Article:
When it comes to experiences that are slightly terrifying and yet amazing at the same time, a run-in with a rare Florida panther in the swampy wilderness is right up there.

Tina Dorschel was enjoying a stroll through the National Audubon Society’s Corkscrew Swamp Sanctuary in Naples, when one of the elusive cats bolted right past her along the park boardwalk. 

Dorschel caught the entire thing on camera and posted the once-in-a-lifetime encounter to Facebook. "On an early morning nature walk we saw a gator, a snake, frogs, pretty birds, and had this unexpected encounter," she writes.

Living in swamps and forests in the southern parts of the state, the Florida panther is a smaller subspecies of the more commonly seen cougar (also known as the mountain lion, Puma concolor). The population is currently listed as endangered, with only an estimated 100 surviving in the wild.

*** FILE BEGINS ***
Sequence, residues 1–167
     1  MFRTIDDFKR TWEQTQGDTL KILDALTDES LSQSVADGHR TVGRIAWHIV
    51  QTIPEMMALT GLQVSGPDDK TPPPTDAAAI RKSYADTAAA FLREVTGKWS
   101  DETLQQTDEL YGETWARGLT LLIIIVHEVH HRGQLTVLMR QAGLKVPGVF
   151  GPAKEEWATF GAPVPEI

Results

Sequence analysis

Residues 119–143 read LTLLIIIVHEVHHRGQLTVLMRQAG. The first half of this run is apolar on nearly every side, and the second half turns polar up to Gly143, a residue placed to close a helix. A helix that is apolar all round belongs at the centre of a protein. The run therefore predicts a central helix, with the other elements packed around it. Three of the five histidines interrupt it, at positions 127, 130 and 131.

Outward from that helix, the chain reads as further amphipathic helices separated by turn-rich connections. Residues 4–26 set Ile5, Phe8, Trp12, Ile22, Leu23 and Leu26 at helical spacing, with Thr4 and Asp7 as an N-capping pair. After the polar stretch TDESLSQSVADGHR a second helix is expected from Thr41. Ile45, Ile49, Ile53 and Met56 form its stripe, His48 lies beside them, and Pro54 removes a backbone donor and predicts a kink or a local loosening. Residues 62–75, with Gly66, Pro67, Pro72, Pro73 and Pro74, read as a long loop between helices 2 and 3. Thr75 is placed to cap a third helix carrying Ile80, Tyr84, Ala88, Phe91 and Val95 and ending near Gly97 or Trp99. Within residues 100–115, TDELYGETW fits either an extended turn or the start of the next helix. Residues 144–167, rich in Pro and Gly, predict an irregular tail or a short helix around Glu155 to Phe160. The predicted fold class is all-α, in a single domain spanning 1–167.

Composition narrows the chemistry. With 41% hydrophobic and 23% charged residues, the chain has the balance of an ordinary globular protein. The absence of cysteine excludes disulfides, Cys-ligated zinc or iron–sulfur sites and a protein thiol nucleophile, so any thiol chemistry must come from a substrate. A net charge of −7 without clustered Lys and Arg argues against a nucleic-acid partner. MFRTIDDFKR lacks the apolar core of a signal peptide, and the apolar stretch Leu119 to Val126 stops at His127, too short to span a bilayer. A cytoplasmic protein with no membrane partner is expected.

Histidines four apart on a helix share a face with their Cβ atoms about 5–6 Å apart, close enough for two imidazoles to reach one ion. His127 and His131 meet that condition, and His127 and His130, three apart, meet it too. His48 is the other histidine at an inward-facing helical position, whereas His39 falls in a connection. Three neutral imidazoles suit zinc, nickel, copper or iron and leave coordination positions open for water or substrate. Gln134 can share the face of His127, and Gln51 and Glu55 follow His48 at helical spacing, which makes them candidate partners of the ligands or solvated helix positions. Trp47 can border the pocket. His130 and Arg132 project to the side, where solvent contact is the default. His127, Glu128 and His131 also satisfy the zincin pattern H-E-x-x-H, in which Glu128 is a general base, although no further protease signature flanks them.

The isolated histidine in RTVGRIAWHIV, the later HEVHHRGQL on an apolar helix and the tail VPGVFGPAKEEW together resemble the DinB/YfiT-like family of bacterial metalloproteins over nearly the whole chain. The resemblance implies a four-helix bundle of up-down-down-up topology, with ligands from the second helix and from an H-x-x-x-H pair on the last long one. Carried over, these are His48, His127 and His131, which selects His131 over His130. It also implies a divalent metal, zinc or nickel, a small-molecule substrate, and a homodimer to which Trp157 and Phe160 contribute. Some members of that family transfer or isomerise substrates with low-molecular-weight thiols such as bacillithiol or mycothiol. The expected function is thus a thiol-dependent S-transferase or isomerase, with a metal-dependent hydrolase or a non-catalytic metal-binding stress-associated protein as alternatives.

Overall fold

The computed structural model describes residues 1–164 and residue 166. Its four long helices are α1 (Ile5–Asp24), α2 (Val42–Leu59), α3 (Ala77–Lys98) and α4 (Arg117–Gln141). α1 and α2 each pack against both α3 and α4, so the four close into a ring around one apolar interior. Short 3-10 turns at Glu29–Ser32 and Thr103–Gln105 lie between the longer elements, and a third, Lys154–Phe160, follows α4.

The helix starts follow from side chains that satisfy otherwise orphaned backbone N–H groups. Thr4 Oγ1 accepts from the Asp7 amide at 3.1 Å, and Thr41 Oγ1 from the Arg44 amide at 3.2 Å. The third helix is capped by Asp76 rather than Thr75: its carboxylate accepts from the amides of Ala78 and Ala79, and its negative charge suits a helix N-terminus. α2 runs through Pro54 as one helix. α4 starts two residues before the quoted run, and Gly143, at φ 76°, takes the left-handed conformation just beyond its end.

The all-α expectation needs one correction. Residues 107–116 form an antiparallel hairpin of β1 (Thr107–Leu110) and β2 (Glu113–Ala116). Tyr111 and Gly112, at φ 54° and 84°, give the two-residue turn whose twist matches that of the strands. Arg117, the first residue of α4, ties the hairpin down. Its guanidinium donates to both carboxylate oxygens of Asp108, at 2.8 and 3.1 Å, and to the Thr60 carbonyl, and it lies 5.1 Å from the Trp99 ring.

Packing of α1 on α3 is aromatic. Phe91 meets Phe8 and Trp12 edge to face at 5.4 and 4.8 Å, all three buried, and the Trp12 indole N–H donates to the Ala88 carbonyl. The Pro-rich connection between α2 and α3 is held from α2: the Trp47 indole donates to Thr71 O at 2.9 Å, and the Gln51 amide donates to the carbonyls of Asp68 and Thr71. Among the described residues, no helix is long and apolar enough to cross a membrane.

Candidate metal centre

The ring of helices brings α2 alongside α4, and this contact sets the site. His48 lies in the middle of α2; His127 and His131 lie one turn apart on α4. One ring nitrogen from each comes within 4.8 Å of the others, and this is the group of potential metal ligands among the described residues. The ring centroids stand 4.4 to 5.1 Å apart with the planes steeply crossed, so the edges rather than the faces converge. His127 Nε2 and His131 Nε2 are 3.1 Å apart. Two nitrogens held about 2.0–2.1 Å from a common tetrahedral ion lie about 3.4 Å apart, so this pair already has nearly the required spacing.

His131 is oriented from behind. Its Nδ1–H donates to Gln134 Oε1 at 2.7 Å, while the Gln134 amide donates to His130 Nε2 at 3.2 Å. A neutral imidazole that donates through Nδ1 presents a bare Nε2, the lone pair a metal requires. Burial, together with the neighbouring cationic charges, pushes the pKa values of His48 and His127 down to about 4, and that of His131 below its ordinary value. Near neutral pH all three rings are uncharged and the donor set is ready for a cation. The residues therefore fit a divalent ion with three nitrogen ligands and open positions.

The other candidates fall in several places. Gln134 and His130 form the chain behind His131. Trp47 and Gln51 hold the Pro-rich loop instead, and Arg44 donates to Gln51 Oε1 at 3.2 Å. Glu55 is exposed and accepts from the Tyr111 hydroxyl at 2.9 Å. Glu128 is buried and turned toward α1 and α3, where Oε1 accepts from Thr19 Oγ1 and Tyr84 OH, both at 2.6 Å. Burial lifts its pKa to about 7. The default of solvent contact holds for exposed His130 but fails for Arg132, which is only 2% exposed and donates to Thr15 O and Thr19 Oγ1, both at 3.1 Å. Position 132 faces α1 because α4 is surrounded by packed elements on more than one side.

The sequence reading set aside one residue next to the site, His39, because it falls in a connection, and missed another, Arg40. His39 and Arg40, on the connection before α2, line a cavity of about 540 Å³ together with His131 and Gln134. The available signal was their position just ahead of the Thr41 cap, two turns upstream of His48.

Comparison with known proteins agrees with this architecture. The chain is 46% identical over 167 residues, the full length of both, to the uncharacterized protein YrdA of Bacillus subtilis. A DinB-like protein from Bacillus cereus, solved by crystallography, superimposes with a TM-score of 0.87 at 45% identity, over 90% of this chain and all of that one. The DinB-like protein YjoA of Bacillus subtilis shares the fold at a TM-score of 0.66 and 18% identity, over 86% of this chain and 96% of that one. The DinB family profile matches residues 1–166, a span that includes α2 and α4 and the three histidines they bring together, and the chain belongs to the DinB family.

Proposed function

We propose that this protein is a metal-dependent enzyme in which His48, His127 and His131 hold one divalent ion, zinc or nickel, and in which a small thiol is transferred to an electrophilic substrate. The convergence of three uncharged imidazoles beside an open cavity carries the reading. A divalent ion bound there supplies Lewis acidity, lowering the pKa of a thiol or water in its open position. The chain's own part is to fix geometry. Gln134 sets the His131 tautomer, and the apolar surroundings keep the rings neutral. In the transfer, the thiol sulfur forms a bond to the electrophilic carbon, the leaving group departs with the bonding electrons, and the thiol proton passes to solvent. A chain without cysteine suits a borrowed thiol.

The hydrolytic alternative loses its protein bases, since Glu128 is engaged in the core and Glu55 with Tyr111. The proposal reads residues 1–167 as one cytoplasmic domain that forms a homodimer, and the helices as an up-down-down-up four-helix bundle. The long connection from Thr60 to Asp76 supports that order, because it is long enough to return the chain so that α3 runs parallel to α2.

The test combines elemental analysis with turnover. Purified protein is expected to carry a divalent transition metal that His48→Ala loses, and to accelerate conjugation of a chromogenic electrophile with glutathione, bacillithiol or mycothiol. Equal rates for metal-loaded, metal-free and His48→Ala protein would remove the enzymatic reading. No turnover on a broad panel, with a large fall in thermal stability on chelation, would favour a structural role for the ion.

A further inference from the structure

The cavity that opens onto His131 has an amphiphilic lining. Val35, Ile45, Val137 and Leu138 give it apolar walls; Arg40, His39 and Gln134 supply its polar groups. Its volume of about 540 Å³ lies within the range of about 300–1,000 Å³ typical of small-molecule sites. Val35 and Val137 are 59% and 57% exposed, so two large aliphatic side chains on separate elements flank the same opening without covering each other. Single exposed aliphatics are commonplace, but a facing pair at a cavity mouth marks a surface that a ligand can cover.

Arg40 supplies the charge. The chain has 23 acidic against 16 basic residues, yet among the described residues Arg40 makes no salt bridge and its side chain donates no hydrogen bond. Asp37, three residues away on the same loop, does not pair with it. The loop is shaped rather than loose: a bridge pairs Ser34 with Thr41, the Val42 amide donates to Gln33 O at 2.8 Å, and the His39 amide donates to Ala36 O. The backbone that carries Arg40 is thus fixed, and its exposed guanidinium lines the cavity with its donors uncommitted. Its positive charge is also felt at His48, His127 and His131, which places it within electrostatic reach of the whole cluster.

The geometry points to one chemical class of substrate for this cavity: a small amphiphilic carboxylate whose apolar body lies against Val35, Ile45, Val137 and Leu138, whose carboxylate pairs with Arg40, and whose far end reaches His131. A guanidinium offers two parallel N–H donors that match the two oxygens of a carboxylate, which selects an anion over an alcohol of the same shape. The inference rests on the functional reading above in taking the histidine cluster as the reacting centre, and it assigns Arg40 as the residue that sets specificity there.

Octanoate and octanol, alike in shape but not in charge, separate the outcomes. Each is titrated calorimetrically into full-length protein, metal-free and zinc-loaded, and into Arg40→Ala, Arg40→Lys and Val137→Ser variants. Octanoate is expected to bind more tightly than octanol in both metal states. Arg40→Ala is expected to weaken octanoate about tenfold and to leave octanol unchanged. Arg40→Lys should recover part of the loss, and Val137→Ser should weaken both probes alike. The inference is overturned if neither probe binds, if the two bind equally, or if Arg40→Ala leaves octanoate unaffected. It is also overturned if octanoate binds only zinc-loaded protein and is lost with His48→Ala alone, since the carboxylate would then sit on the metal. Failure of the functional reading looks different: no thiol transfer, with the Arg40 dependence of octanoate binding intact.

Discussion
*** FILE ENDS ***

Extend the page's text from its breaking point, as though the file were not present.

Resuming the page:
Although the cats are known residents of the park, sightings like this one are extremely unusual – and experts like Audubon researcher Dr Shawn E. Clem were happy to see the animal dart past in such a hurry. "I think that what we saw from the panther's behaviour was actually a really good sign that the panther was afraid of the situation — they don't want to be around people," she told Mashable.

"Panthers are shy creatures and this kind of encounter was a lucky and extremely rare experience," added the sanctuary in a statement. We also tip our hats to Dorschel for (mostly) keeping her cool – overall, the situation played out about as well as anyone could have hoped. 

But we're not done with panthers yet. Not wanting to be left out of the spotlight, another Florida feline decided to shoot for its own 15 minutes of fame last month. The cat took some time out on a family’s front porch in Fort Meyers, and the homeowners managed to snap this awesome photo of the unexpected visitor (after initially mistaking it for a "funny dog"): 

It's not every day you look out the window to see a Florida panther sitting on your porch! Phil Hendra was at his father...

Posted by FWC Fish and Wildlife Research Institute on Tuesday, March 29, 2016


Top header image: Everglades NPS, Flickr